Most of the times, we hear people saying to include Vitamin A foods for improving vision. Did you know what is the important element behind that helps in keeping eyes healthy. Let us understand the importance of Vitamin A and the important foods rich in vitamin A for a healthy living.
Vitamin A is a group of antioxidant compounds required for keeping the body healthy. A diet rich in vitamin A can prevent night blindness, dry eyes and eye inflammation. It also promotes bone growth, keeps the immune system strong and maintains a vigorous reproductive system.
Types of Vitamin A:
There are two main types of vitamin A- retinol and provitamin carotenoids.
Vitamin A derived from animal sources is called retinol. This “pre formed” vitamin can be used directly by the body. The best sources of retinol are beef, chicken and turkey liver, whole milk and cheese.
2. Provitamin Carotenoids:
This vitamin A is obtained from colorful fruits and vegetables. The carotenoids are converted to retinol by body soon after the food is digested. The best sources of carotenoids are sweet potatoes, carrots, spinach, kale and cantaloupes.
Recommended Daily Allowance (RDA):
Vitamin A is measured in International Units (IU). An average adult needs 5000 IU of vitamin A per day. The recommended daily allowance of vitamin A for an adult man is 900 milligrams and for women is 700 milligrams.
Deficiency of Vitamin A:
A deficiency in vitamin A is rare, but it is often seen among the poor in the developing countries. Lack of vitamin A can lead to blindness, retinal damage and corneal ulcer. Increased viral infections and respiratory illness are also possible health risks associated with vitamin A deficiency.
Conversely, an excess consumption of vitamin A can lead to jaundice, irritability, loss of appetite, hair loss and nausea.
Top 20 Vitamin A Rich Foods:
Vitamin A is a fat-soluble vitamin and should be consumed with fat for optimal absorption. It is best obtained from a healthy and balanced diet. Fortunately, vitamin A can be found in abundant amounts in many fruits, vegetables, fish and dairy products. Below is the list of foods rich in vitamin A that you can include in your diet.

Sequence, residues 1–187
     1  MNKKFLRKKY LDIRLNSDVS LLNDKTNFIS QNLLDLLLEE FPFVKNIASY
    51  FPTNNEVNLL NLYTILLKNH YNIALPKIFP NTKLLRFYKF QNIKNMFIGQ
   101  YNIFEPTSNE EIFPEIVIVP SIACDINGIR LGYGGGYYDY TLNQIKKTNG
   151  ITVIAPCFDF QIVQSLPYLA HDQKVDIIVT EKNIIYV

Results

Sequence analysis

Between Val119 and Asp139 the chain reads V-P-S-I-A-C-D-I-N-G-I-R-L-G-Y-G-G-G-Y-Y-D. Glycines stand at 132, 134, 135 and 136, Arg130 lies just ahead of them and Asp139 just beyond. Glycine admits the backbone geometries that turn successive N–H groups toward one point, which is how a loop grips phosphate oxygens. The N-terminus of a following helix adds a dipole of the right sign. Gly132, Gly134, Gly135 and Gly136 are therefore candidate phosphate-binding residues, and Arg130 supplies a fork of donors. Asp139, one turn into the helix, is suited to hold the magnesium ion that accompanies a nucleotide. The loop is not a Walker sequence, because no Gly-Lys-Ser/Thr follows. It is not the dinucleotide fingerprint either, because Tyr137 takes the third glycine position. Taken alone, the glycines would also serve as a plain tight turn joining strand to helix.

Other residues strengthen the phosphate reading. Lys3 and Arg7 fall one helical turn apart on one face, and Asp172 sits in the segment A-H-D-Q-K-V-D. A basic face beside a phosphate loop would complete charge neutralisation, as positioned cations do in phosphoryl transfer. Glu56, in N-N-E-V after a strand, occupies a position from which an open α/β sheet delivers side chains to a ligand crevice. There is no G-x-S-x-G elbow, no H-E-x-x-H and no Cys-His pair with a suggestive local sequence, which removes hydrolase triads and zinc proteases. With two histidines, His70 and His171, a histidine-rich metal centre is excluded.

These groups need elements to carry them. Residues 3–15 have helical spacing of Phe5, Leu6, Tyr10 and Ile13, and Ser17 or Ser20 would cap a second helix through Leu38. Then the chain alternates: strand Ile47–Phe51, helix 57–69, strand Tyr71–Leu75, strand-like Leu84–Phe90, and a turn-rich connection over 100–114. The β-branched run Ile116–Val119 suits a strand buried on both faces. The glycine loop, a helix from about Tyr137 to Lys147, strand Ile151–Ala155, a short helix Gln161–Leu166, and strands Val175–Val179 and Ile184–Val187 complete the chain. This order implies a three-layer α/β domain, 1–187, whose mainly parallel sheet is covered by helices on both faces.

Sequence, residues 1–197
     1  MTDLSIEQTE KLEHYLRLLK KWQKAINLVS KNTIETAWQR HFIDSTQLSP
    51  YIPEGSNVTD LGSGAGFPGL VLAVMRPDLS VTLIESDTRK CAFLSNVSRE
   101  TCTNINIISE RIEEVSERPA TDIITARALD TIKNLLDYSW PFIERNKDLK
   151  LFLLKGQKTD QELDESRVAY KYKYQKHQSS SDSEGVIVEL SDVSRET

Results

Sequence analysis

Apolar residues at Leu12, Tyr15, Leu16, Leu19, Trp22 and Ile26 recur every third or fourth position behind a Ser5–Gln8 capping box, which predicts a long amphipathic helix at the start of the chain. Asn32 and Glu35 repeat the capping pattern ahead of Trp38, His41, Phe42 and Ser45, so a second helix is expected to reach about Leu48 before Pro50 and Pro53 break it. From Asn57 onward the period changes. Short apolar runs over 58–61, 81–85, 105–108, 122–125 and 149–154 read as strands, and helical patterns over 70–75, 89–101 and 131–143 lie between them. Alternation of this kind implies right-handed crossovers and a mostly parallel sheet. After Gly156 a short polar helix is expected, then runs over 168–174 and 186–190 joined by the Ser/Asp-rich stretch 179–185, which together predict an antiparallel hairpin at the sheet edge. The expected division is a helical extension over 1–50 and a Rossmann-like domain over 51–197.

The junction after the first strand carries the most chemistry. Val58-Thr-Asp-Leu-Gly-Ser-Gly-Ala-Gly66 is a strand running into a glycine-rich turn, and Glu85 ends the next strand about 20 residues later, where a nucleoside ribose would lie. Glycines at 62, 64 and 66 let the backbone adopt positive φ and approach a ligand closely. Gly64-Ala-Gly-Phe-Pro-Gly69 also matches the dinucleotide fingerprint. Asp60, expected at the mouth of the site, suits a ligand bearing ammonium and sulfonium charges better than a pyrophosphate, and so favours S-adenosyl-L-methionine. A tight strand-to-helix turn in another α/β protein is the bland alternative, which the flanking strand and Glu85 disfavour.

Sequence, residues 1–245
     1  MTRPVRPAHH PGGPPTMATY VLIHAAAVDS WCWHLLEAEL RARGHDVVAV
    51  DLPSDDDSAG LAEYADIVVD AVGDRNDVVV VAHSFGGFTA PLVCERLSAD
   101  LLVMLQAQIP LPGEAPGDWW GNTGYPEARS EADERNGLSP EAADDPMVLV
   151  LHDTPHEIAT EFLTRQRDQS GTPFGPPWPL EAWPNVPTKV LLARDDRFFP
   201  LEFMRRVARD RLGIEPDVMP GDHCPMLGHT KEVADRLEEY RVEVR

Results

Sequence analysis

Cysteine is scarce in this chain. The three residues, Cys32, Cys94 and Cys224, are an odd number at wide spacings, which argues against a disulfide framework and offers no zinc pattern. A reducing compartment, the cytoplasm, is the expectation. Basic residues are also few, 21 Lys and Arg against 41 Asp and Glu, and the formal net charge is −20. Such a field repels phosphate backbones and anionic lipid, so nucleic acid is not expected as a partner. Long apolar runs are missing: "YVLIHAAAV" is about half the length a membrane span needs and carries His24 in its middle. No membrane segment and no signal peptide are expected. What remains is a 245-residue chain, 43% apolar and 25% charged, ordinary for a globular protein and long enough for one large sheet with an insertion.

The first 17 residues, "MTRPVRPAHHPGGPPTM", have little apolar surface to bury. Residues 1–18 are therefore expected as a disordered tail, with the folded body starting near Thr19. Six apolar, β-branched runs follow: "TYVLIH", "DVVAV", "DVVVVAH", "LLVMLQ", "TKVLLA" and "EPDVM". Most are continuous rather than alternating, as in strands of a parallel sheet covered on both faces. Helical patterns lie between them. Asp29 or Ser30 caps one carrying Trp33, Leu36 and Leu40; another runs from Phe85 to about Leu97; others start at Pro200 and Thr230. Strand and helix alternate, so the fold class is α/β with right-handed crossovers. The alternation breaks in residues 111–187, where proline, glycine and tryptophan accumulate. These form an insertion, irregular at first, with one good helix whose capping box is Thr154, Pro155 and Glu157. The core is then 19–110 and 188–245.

Carrot is the first food that comes to our mind when we talk about vitamin A rich foods. The vitamin A in carrot comes in the form of beta-carotene, a healthy antioxidant. Eating plenty of carrots every day can improve your vision greatly. One carrot will provide 7835 IU of vitamin A and 100 grams serving provides 17033 IU of this essential vitamin. Carrots are a great source of vitamin B, C, K, fiber and magnesium as well. Be careful while purchasing carrots as they contain high amounts of pesticide residue. Try to purchase organic carrots if possible. You can eat the carrots frozen, cooked or raw to obtain its benefits. Alternatively, pop some baby carrots with a few tablespoons of hummus and guacamole for a healthy and a light afternoon snack.
[ Read: 10 Vitamin B1 Rich Foods ]
2. Sweet Potato:
Sweet potato is enjoyed widely for its delightful taste and high nutrient content. It is arguably the best source of vitamin A. 100 grams serving of sweet potato provides 19218 IU of vitamin A, amounting to a whopping 384% of the daily value. A cup of cooked, frozen sweet potato provides 578% of the daily value of vitamin A, while canned sweet potato provides 444%. This low calorie vegetable adds just 103 calories to your diet. Slice the sweet potatoes and drizzle olive oil, salt, pepper and chili powder. Roast at 400 degrees for 20 minutes and the delicious sweet potato chips are ready to eat.
3. Dark Green Leafy Vegetables:
Eating high amounts of green leafy vegetable is beneficial for several reasons. They are low in calories, high in nutrients and are extremely easy to prepare. Green leafy vegetables like collard, spinach, mustard and dandelion green, and kale are some excellent sources of vitamin A. A cup of cooked kale provides 17707 IU of vitamin A, while spinach provides 377% of the daily value. Collards contain plenty of beta-carotene with just 31 calories a cup. A cup of chopped mustard greens can help you meet 118% of the daily value of vitamin A. One cup of dandelion green provides over 100% of the daily recommended value of vitamin A. Green leafy vegetables are a source of several nutrients like vitamin C, K, potassium, folate, phosphorus, fiber, calcium, protein, manganese and folate. Green leafy vegetables are best consumed raw, but mustard greens should be eaten cooked so that the body can absorb all the vital nutrients.